The article doesn't have a lot of information, the article was posted before, and there's not a lot to discuss except maybe local Silicon Valley politics. It comes across as a "tame rumor" piece rather than an announcement of something factual.

It doesn't seem like foul play, or that anything is being censored. It just doesn't seem super noteworthy.


But it's not a perfectly regular piece of news. It's a rumor. Hacker News isn't a gossip site. If/when Sam announces he's running the announcement will not get flagged.


I think for better or worse, a lot of HN users don't like seeing politics on the homepage. Similar posts about other polticians get flagged quickly as well. I don't think it needs to be any more complicated than that.

I do think politics has some place on HN. Some of my favorite threads last year were after Brexit and the U.S. presidential election results, and I was disappointed to see that two of my recent submissions about the middle east were flagged as soon as they began to gain traction.


I agree it's not that uncommon to see stuff flagged and removed, especially of political nature, especially when it's something not viewed in a positive light by the moderators in HN. It's not exactly 'free speech guaranteed' on HN.

From guidelines: "Off-Topic: Most stories about politics, or crime, or sports, unless they're evidence of some interesting new phenomenon. Videos of pratfalls or disasters, or cute animal pictures. If they'd cover it on TV news, it's probably off-topic."

This allows them a lot of leeway to take stuff down.


The rise Of a political class bred by the technology capital. How is this NOT a new phenomenon worthy of interest for anybody who's into technology and its impact on culture and society?


That would certainly be an interesting new phenomenon if it existed. This article wasn't that. It's a rumor based on a hearsay report—in other words gossip. That kind of thing is rarely on topic for HN because it rarely has much substance.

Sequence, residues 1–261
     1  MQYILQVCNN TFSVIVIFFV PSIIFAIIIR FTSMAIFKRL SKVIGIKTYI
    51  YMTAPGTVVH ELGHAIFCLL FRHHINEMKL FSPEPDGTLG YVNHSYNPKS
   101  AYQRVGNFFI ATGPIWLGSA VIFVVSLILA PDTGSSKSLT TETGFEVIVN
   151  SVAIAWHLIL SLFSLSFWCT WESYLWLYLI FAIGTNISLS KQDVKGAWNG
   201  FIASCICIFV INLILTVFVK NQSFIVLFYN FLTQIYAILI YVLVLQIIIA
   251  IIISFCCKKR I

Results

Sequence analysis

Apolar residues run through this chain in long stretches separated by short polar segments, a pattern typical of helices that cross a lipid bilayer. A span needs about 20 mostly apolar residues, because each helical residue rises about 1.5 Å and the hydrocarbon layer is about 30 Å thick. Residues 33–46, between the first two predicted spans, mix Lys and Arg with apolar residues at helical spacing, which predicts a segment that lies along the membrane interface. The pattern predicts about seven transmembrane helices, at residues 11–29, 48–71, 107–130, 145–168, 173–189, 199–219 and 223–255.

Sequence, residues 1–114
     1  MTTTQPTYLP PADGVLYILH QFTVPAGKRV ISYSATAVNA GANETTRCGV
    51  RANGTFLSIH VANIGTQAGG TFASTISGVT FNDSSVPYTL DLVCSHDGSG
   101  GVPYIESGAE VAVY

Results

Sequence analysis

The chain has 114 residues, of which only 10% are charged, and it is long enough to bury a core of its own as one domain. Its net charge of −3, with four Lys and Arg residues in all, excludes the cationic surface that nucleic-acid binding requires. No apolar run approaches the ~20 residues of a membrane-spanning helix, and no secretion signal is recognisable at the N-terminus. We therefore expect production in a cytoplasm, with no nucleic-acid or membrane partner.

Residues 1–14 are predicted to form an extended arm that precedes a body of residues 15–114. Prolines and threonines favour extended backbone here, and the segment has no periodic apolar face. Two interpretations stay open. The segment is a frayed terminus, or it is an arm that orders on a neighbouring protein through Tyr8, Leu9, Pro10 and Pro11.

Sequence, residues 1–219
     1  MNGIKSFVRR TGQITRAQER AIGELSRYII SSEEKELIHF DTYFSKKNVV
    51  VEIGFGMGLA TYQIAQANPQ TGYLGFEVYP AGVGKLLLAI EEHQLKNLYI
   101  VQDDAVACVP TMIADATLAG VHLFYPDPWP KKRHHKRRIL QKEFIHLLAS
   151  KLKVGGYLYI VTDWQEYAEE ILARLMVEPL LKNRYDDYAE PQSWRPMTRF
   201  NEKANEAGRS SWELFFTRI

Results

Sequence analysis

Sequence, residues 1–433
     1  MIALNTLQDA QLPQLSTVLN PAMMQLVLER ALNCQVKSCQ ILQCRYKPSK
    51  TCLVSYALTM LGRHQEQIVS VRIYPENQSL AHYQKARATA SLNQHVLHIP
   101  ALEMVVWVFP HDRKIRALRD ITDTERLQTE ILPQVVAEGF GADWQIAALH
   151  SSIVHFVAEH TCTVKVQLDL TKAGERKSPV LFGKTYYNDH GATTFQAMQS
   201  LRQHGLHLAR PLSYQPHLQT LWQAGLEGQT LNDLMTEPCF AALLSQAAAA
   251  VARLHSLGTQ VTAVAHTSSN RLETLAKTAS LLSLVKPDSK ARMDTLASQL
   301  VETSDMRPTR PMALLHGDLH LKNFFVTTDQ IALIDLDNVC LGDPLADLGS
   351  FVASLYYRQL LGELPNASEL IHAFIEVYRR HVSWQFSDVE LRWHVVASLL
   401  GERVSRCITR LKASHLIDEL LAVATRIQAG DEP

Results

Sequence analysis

This site exists to gratify intellectual curiosity (i.e. curiosity about how the world works), not the other, more highly stimulating forms of curiosity.

https://news.ycombinator.com/newsguidelines.html

https://news.ycombinator.com/newswelcome.html


Maybe people flagged it as not all HN readers live in US and care about US politics.



Which was flagged... Why? Said dupe was ON TOP of the home page, whereas the other entry was definitively not popular. Result: the news has been buried. Am I allowed to say I smell something foul?


Of course you are allowed to say that, but at the same time, I would have totally flagged that story if I had seen it for the same reasons I flagged this one: I don't live in the US, I don't care about politics, and I have no interest in random rumors.


> I would have totally flagged that story if I had seen it for the same reasons I flagged this one: I don't live in the US, I don't care about politics

Why flag though? Is it because parent threads don't have downvotes so people opt to flagging?